By DoD News
By Terri Moon Cronk
In stark contrast to deepening authoritarianism and oppression in the People’s Republic of China, Taiwan has proven the possibilities of an alternative path to the Chinese Communist Party, the assistant secretary of defense for Indo-Pacific security affairs, told a Senate panel Wednesday.
Ely Ratner testified before the Senate Foreign Relations Committee on the future of U.S. policy in Taiwan.
“Unfortunately, although the PRC publicly advocates for peaceful unification with Taiwan, leaders in Beijing have never renounced the use of military aggression,” he told Senate members. “In fact, the [The People’s Liberation Army] is likely preparing for a contingency to unify Taiwan with the PRC by force while simultaneously attempting to deter, delay or deny third-party intervention on Taiwan’s behalf.”
The PRC threat to Taiwan, however, is not limited to invasion or blockade, he noted, adding the PLA is conducting a broader coercive campaign in the air and maritime domains around Taiwan. “These operations are destabilizing, intentionally provocative, and increase the likelihood of miscalculation,” Ratner said.
Nevertheless, he added, although the PLA’s actions are real and dangerous, and PLA modernization is unlikely to abate, the PRC can still be deterred through a combination of Taiwan’s own defenses, its partnership with the United States and growing support from like-minded democracies.
Through smart investments and key reforms, Taiwan can send a clear signal that its society and armed forces are committed and prepared to defend Taiwan, Ratner said, adding, “Without question, bolstering Taiwan self-defenses is an urgent task and an essential feature of deterrence.”
Tsai Ing-wen, the president of the Republic of China, has prioritized the development of asymmetric capabilities for Taiwan’s self-defense that are credible, resilient, mobile, distributed and cost-effective, he noted. “Asymmetric capabilities, however, are only one part of the deterrence equation. Taiwan must complement investments in these critical capabilities with equal focus on enhancing resilience, supporting civil-military integration and building a strategy that includes defense in depth.”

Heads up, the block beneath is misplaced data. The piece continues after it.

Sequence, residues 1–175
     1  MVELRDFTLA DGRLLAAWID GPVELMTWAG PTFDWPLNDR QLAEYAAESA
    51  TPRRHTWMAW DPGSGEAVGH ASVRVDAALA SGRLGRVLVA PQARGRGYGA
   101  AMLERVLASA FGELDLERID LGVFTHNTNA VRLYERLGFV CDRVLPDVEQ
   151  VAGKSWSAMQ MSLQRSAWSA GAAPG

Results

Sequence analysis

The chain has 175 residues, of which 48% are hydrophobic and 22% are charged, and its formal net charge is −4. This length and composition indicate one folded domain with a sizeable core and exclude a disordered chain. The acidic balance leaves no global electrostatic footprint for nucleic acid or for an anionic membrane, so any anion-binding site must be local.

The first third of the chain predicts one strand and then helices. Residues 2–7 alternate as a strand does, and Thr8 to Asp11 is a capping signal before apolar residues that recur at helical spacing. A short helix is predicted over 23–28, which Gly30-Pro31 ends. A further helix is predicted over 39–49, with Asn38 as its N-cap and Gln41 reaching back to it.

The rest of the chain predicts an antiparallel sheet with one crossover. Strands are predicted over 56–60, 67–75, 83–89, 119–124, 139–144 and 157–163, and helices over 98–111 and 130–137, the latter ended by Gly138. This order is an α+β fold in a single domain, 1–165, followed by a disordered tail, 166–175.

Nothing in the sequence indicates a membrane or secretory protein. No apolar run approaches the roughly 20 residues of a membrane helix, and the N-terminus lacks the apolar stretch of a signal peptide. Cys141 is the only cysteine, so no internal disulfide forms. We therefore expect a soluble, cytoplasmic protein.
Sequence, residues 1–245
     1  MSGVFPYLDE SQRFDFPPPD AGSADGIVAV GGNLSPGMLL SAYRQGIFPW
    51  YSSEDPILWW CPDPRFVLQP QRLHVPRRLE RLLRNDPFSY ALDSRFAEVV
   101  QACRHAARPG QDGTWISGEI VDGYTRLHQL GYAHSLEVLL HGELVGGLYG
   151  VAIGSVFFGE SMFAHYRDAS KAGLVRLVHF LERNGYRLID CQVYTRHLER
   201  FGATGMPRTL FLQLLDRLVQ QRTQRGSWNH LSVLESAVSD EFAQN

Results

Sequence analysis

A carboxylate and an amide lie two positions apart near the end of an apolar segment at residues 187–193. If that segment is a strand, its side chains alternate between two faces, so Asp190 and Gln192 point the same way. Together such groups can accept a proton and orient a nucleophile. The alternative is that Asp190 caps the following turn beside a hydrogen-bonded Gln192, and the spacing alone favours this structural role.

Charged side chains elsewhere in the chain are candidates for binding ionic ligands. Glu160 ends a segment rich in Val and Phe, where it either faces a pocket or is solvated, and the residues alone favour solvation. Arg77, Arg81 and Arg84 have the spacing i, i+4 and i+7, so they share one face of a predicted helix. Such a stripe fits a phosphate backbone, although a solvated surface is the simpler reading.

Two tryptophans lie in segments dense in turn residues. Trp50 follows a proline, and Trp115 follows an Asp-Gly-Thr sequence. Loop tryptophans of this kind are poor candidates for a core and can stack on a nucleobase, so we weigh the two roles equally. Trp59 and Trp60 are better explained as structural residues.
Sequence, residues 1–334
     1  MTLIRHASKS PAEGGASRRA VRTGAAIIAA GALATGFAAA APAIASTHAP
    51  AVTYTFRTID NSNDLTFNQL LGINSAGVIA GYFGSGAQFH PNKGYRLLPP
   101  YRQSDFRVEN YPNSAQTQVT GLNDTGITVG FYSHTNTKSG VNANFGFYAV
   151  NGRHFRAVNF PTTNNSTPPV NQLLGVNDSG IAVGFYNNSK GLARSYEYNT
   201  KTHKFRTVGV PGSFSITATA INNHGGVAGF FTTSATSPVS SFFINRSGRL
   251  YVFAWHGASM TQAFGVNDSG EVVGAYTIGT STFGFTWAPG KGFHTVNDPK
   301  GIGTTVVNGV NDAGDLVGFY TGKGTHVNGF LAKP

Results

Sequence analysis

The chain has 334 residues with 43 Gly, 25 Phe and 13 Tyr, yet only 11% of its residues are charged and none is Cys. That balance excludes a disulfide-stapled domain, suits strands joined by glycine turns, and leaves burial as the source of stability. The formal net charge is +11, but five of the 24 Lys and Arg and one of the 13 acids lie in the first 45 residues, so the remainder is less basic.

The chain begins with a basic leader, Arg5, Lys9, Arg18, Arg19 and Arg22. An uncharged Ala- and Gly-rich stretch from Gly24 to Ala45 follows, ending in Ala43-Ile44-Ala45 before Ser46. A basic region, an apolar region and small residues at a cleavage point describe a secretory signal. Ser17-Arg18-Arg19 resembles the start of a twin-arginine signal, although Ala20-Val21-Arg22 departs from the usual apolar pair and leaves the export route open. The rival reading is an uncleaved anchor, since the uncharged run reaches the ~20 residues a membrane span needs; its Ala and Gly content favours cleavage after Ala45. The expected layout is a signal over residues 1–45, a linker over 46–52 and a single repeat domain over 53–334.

In addition to the provision of defense, arms and services to Taiwan, the Defense Department remains committed to maintaining the capacity of the United States to resist the resort to force or other forms of coercion that might jeopardize the security of the people on Taiwan, he said, noting, “and let me be clear that this is an absolute priority.”
The PRC is DOD’s pacing challenge and a Taiwan contingency is the pacing scenario, Ratner said. “We are modernizing our capabilities, updating U.S. force posture and developing new operational concepts accordingly. [The] department’s efforts to deter PRC aggression and enhance Taiwan’s defenses will not be in isolation. Countries throughout the Indo-Pacific and beyond recognize the PRC aggression against Taiwan would have serious consequences for their own interests in our increasingly voicing concerns about PRC coercion and potential aggression against Taiwan.
“As evidenced by a number of recent multilateral operations and exercises, the department is focused on enhancing our regional cooperation as a means of bolstering deterrence,” he said.